In every U.S. state, a person who is injured by the actions of an intoxicated individual may choose to bring a personal injury claim directly against the wrongdoer. And in several states, including Illinois, the injured person may also bring a civil claim against a vendor who supplied alcohol to the person who caused the injury. These claims are known as "dram shop" claims; the name comes from the fact that alcohol was traditionally sold by a unit of measure called a dram. In this article we'll spotlight the key aspects of Illinois law as it creates third party liability for an alcohol-related accident.
The Illinois General Statutes allow a person who is injured by an intoxicated person to bring a claim for damages against the alcohol vendor who supplied the alcohol. The claim may be brought for personal injury, property damage, and damage to means of support or loss of society.
Here is an example of Illinois's dram shop law at work. Suppose that one Saturday evening, Dale heads out to Bob's Bar to have a few drinks. After several beers, he decides to head downstairs to the bar's pool table. As he tries to descend the stairs, he trips and falls against Patty, knocking her down the flight of stairs and causing injury.
Patty may bring a civil claim against Dale directly for her injuries. She may also choose to bring a claim against Bob's Bar under Illinois's dram shop law, since the bar provided the alcohol that intoxicated Dale at the time of the accident. Dale may not bring a dram shop claim against the bar, however, even if he was also injured in the fall. (Note: Both Dale and Patty may have a premises liability claim against the bar if the fall was caused by an unreasonably dangerous condition on the stairs, such as a broken step or a missing railing.)
Unlike many other states, Illinois does not require the vendor to have continued to serve alcohol even after the defendant became visibly or obviously intoxicated. It is enough that the vendor supplied the alcohol that caused the intoxication that played a part in causing the plaintiff's injuries.
In order for an Illinois dram shop claim to succeed, the injured person must show that:
Although Illinois dram shop laws hold alcohol vendors liable for injuries caused by an intoxicated person, the law does not allow similar claims to be brought against social hosts who provide alcohol at parties and other events.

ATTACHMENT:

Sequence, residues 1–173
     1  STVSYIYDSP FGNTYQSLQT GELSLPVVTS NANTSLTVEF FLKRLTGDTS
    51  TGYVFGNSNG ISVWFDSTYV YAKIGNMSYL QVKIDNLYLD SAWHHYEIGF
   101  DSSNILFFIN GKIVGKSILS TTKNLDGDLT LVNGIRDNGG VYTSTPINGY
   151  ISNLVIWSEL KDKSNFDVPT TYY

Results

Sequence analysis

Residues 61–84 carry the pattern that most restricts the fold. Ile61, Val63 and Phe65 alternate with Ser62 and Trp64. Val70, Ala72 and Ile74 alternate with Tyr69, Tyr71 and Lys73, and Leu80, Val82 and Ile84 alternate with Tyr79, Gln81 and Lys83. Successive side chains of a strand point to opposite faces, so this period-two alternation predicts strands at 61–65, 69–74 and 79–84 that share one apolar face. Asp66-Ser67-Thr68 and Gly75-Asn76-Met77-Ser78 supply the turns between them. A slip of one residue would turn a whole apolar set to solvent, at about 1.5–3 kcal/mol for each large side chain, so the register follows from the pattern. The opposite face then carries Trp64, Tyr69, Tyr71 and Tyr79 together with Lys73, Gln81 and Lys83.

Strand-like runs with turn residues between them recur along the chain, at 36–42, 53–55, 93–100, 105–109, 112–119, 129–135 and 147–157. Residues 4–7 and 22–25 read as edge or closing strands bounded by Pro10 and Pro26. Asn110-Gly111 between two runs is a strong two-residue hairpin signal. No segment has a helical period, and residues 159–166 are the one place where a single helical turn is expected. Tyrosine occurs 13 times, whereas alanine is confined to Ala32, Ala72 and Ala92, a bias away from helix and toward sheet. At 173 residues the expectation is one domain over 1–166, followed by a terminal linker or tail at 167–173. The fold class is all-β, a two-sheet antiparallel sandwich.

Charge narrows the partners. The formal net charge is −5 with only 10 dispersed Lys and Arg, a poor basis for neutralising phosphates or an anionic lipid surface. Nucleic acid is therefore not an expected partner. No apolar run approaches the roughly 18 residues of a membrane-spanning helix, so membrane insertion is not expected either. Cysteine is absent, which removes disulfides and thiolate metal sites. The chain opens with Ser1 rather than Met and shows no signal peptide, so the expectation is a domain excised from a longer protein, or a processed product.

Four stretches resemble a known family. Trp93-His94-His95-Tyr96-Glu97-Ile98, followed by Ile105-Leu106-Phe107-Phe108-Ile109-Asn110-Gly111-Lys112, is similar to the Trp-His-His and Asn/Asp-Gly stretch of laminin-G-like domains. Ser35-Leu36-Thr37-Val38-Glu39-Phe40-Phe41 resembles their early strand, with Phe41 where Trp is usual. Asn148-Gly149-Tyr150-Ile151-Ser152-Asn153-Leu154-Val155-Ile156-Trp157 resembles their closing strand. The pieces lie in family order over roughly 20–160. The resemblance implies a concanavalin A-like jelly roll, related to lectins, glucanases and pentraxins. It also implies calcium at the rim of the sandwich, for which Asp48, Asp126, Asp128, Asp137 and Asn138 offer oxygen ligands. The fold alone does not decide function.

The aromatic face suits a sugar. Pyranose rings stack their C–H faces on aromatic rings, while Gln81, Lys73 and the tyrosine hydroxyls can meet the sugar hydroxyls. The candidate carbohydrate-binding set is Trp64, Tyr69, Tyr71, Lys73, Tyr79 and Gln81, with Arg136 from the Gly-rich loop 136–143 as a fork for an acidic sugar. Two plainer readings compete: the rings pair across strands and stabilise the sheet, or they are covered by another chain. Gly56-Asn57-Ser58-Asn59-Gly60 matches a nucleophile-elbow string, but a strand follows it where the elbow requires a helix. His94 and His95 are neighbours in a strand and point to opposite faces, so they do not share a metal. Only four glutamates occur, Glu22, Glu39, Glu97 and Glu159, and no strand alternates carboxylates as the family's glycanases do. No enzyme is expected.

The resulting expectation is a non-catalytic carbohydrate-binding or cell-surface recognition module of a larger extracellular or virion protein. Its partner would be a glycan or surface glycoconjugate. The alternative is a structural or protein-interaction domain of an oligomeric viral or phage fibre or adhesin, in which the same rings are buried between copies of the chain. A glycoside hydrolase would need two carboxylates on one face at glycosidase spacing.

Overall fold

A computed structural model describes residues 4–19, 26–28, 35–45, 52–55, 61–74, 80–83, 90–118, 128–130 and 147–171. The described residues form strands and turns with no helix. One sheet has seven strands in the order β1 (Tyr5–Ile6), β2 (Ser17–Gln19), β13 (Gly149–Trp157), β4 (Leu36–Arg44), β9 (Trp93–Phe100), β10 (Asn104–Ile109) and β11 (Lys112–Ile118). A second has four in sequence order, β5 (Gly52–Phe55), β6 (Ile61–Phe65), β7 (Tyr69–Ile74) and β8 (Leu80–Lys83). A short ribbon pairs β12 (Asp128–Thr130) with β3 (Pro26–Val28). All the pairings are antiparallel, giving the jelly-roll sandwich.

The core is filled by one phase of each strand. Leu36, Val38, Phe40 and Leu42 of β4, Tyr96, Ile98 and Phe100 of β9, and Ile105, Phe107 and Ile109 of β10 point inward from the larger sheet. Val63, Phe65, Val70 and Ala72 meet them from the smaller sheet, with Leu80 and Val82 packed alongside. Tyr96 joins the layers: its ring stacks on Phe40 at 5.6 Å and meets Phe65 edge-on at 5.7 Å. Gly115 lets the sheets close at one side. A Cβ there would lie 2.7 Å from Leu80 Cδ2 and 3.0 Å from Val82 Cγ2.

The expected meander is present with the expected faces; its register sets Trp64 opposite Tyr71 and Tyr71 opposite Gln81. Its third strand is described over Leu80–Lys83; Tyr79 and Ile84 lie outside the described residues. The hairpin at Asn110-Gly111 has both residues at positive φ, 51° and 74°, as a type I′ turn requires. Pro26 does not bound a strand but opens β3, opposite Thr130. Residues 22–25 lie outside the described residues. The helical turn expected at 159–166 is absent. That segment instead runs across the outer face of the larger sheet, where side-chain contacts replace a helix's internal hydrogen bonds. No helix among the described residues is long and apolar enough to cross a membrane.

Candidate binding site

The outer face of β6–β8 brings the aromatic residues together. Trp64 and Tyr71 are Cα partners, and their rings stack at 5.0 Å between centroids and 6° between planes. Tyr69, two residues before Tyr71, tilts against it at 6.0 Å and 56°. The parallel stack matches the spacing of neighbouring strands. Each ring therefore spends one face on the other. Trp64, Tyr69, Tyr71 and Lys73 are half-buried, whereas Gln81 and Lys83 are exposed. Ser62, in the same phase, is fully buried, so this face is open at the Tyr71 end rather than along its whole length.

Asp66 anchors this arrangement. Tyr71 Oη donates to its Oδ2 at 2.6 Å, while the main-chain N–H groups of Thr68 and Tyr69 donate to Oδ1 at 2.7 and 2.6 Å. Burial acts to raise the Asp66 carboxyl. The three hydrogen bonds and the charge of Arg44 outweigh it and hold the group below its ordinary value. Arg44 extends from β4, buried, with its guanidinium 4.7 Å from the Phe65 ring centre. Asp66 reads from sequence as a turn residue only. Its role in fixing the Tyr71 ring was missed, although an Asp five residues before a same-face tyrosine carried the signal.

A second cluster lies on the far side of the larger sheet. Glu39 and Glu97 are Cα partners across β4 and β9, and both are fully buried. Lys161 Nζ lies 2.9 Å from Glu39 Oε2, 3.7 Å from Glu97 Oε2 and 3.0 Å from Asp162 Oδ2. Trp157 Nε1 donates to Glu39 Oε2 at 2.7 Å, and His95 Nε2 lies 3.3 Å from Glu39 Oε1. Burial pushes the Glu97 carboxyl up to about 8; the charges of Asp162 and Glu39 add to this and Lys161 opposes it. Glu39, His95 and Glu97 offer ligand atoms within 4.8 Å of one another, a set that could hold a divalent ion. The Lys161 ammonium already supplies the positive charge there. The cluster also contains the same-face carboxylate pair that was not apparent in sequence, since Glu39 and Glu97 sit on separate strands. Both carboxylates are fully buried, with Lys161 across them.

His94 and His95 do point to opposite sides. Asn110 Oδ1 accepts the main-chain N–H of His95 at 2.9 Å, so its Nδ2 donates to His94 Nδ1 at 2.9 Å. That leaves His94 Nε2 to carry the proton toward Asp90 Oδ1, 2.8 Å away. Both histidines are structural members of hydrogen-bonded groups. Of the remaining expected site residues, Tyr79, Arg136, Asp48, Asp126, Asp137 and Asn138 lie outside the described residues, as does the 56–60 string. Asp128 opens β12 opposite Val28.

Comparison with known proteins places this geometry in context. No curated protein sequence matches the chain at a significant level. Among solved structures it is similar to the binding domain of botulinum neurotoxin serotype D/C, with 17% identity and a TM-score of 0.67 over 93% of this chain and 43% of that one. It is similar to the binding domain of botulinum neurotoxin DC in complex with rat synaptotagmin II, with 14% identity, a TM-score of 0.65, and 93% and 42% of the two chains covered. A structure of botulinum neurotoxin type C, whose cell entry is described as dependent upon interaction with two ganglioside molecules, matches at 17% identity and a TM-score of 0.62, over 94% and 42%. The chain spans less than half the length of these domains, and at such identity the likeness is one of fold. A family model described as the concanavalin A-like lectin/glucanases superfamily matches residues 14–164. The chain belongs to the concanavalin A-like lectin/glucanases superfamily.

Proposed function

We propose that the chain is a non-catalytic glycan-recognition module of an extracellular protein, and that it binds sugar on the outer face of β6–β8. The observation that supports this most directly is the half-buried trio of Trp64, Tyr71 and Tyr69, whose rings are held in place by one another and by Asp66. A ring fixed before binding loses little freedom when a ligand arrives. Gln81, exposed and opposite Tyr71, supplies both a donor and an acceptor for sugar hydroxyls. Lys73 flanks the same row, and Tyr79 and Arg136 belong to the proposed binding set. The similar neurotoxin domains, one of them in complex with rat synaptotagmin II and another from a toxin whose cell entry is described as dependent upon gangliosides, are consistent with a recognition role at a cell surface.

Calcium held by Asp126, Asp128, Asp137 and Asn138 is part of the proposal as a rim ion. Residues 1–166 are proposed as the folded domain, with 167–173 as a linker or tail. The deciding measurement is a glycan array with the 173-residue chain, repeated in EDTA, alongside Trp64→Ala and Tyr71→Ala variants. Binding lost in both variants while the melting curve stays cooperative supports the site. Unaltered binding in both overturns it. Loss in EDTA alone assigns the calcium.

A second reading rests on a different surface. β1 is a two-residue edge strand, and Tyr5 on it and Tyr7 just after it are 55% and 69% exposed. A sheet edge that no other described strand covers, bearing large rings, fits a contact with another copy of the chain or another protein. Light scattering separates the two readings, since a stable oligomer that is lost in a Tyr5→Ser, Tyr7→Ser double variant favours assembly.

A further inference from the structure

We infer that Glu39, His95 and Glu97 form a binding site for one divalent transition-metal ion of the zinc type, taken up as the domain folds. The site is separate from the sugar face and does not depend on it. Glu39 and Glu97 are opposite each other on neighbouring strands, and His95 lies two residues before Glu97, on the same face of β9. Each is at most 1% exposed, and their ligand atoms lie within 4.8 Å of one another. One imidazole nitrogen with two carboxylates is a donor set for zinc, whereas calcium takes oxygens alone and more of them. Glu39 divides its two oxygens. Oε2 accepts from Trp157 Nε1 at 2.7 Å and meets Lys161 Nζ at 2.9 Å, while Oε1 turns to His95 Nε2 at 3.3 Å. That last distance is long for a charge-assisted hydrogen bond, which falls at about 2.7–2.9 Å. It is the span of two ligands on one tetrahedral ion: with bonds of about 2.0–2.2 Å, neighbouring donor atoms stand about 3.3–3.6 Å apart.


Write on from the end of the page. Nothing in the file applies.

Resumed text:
For example, suppose that in the above example, Dale stops at the home of a friend, Hiram, for a party. As before, Dale has several drinks before deciding to go downstairs into Hiram's basement to play pool. He trips and falls on his way down the basement steps in Hiram's house and knocks Patty to the ground, injuring her.
Although the intoxication and the accident are essentially the same, in this case Patty cannot bring a civil claim against Hiram for her injuries. Hiram is a social host, not a licensed alcohol vendor, and so Illinois's dram shop law does not apply. However, Patty can still bring a claim against Dale, and both Dale and Patty may have a premises liability claim if the staircase was in an unreasonably dangerous condition.
It's important to note that Illinois law does provide for limited social host liability if the intoxicated person is under the legal drinking age of 21 years. For instance, it is unlawful in Illinois not only to provide alcohol to a minor, but to pay for a hotel room or other venue in which the person who is paying knows that minors will be drinking.
Illinois sets a cap on an alcohol vendor’s financial liability in dram shop cases, when it comes to both:
The last dollar limits detailed in the Illinois statute were for claims brought after 1998. Those caps were set at $45,000 for injury and $55,000 for lost support/companionship. But the statute allows for an annual increase and decrease of these caps based on the consumer price index. So check with an Illinois attorney for the latest details on the cap amount.
Finally, in order to be heard in court, a dram shop claim must be filed within the deadline imposed by the Illinois statute of limitations for personal injury cases, which means the claim must be filed within one year of the date of injury. The one-year time limit is not postponed or "tolled" for minors under age 21, and it is not typically affected by the filing of a civil claim against the intoxicated person who caused the injuries.